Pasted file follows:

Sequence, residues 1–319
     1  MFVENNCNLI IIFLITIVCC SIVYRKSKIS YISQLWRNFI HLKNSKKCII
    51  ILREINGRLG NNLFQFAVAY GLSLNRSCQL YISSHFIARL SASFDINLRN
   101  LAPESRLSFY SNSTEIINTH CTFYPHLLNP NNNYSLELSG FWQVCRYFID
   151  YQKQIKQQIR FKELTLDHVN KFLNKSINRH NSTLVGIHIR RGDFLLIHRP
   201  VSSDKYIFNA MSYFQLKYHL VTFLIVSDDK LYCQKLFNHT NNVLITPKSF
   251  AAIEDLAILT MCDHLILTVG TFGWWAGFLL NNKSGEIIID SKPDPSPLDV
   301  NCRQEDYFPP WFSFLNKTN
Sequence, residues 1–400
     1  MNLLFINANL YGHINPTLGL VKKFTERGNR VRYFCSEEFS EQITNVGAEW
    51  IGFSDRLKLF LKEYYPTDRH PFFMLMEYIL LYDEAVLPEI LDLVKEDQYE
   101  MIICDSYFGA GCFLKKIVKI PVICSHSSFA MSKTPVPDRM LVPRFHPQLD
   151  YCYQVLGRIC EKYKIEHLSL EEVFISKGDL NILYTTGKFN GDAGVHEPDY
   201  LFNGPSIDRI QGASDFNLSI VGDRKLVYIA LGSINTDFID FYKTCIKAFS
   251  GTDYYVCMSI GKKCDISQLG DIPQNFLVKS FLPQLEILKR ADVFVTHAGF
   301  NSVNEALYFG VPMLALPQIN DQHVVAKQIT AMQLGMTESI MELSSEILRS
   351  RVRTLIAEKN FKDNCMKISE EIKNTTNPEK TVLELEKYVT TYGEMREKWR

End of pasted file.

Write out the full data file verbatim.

Sequence, residues 1–319
     1  MFVENNCNLI IIFLITIVCC SIVYRKSKIS YISQLWRNFI HLKNSKKCII
    51  ILREINGRLG NNLFQFAVAY GLSLNRSCQL YISSHFIARL SASFDINLRN
   101  LAPESRLSFY SNSTEIINTH CTFYPHLLNP NNNYSLELSG FWQVCRYFID
   151  YQKQIKQQIR FKELTLDHVN KFLNKSINRH NSTLVGIHIR RGDFLLIHRP
   201  VSSDKYIFNA MSYFQLKYHL VTFLIVSDDK LYCQKLFNHT NNVLITPKSF
   251  AAIEDLAILT MCDHLILTVG TFGWWAGFLL NNKSGEIIID SKPDPSPLDV
   301  NCRQEDYFPP WFSFLNKTN
Sequence, residues 1–400
     1  MNLLFINANL YGHINPTLGL VKKFTERGNR VRYFCSEEFS EQITNVGAEW
    51  IGFSDRLKLF LKEYYPTDRH PFFMLMEYIL LYDEAVLPEI LDLVKEDQYE
   101  MIICDSYFGA GCFLKKIVKI PVICSHSSFA MSKTPVPDRM LVPRFHPQLD
   151  YCYQVLGRIC EKYKIEHLSL EEVFISKGDL NILYTTGKFN GDAGVHEPDY
   201  LFNGPSIDRI QGASDFNLSI VGDRKLVYIA LGSINTDFID FYKTCIKAFS
   251  GTDYYVCMSI GKKCDISQLG DIPQNFLVKS FLPQLEILKR ADVFVTHAGF
   301  NSVNEALYFG VPMLALPQIN DQHVVAKQIT AMQLGMTESI MELSSEILRS
   351  RVRTLIAEKN FKDNCMKISE EIKNTTNPEK TVLELEKYVT TYGEMREKWR